Managing Your Social Media During The College Admissions Process

You’ve secured great reference letters, nailed the SAT, and have amazing extracurricular experience. Traditionally, you’d get admitted to your dream college. But what does your social media presence look like?

Across the country, schools like Harvard and the University of Richmond are looking at prospective students’ social media accounts and may withdraw official offers if they find troubling content. In 2017, 11% of admissions officers said they rejected applicants based on their social media accounts, and a further 7% stated that they rescinded offers when troubling content came to light. Clearly, your social media presence is something you need to take seriously as it can make a difference during the admissions process.

Here are a few ways you can better manage your social media accounts during the college admissions process.

Remove Red Flags

You must ensure that no illegal or illicit content is connected to your public social media profile. College admissions officers who find evidence of underage drinking or other illegal behavior are unlikely to give you the benefit of the doubt. It’s worth checking any party pictures you’ve been tagged in and ensuring there are no signs of illegal behavior, even if you’re not the one doing it.

You also need to be aware of offensive language on your social media pages. That doesn’t mean you need to completely censor your opinions, but you should be wary of content that might offend. To determine whether a post’s content is offensive, ask yourself whether or not you’d share it with the admissions officer in real-life. If you’d be uncomfortable sharing the content in real life, you should delete it from your social media account. 

Admissions officers don’t have time to check every post and picture on your social media pages, but if a post stands out, they will likely see it. That means you might need to delete jokes or pictures that you think are “edgy”, even if they are innocent but the gravity of proper etiquette is vital. It’s easy to be misunderstood online and isn’t worth the risk.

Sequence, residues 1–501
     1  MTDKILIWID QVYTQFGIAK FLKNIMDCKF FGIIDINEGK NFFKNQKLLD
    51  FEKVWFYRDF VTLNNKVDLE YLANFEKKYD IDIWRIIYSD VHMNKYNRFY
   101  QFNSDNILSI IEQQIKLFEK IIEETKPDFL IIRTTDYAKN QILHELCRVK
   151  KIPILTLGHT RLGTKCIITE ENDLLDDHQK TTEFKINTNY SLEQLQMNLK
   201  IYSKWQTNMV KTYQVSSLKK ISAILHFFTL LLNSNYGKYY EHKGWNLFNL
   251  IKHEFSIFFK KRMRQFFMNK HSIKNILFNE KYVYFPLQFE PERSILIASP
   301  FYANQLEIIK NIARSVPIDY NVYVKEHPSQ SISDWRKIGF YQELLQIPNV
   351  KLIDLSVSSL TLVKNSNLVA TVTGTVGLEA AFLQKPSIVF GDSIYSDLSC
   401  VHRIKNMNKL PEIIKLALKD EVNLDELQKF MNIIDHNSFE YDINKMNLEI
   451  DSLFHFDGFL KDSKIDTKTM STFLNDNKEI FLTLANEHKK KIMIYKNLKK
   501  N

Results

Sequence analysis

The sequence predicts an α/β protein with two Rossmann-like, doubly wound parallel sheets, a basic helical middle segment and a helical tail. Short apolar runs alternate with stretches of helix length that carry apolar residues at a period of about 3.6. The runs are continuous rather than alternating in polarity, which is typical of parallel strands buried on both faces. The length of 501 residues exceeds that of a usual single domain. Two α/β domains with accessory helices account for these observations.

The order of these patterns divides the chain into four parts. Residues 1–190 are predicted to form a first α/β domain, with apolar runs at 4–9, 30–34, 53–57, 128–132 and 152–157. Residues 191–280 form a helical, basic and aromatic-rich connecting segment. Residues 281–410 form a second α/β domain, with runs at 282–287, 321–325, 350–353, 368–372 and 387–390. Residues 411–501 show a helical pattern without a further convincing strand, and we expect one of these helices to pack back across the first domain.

Edit Your Existing Content

You don’t have to delete everything on your social media profiles. In fact, deleting all your content makes it harder to build a positive online presence—something which is increasingly important. Instead, think of yourself as an editor while you clean up your social media accounts. Your social media pages should represent you positively, so choose a version of yourself to show the world:

  • Foreground volunteer work that aligns with your values
  • Keep creative photos that display your digital skills
  • Post links to publications you’ve received or competitions you’ve entered
  • Consider creating a website for yourself and post links to the site in your bios

By cleaning up your social media presence, you present a version of yourself that can land you opportunities like internships and jobs. Through sites like LinkedIn and Twitter, you’ll begin to build a brand that represents you as a student and a professional. That means it’s vital that you learn how to edit your online presence and start leveraging your social media profiles to network beyond your normal reach.

Many hands with smiling faces drawn on inside finger tips to represent your social network online.

Social Networking

Social media is a great networking tool. Over 500 million people are using LinkedIn, and Twitter allows users to stay up to date by following industry experts. You probably already know how to utilize the mechanics of social media platforms, but here are a few tips to ensure you are effectively networking via your social media accounts during the admissions process:

  • Fit the Platform Tone: your LinkedIn posts should not have the same tone as your Twitter posts. Successful LinkedIn networkers put forward a professional tone and post content that is clearly linked to their profession/education.  
  • Give and Take: DeVry University Senior Career Advisor, Tamara Small, suggests “Build rapport before asking for something. It's a two-way street – what can you provide your network?” By positively engaging with others, you will create a synergistic network that will support you in return.
  • Create Engagement: your social media pages will gain more traffic if you are routinely posting content that creates engagement. Increased traffic means your network will expand, and you will find more interest from internship coordinators and on-campus event organizers.
  • Link Your Site: if you have a website, connect each of your social media pages to it by providing links in your bios and relevant posts. Doing so can highlight your past achievements, and will bring you valuable development opportunities.

Creating a successful social media network is all about standing out from the crowd. During the admissions process, you should consider what kind of experience you want to gain while in college. For example, if you are pursuing a degree in graphic design, you should follow other designers online, and attempt to grow your portfolio through internships and volunteer work.

A Quick Recap

A well-managed social media account does more than help you pass admissions. Your accounts should help you gain career-focused college experiences and set you up for life beyond university. By ensuring your content is engaging and free from red flags, you can better your chances of landing exciting opportunities and will create a network that supports you in the future.

Bryce Hall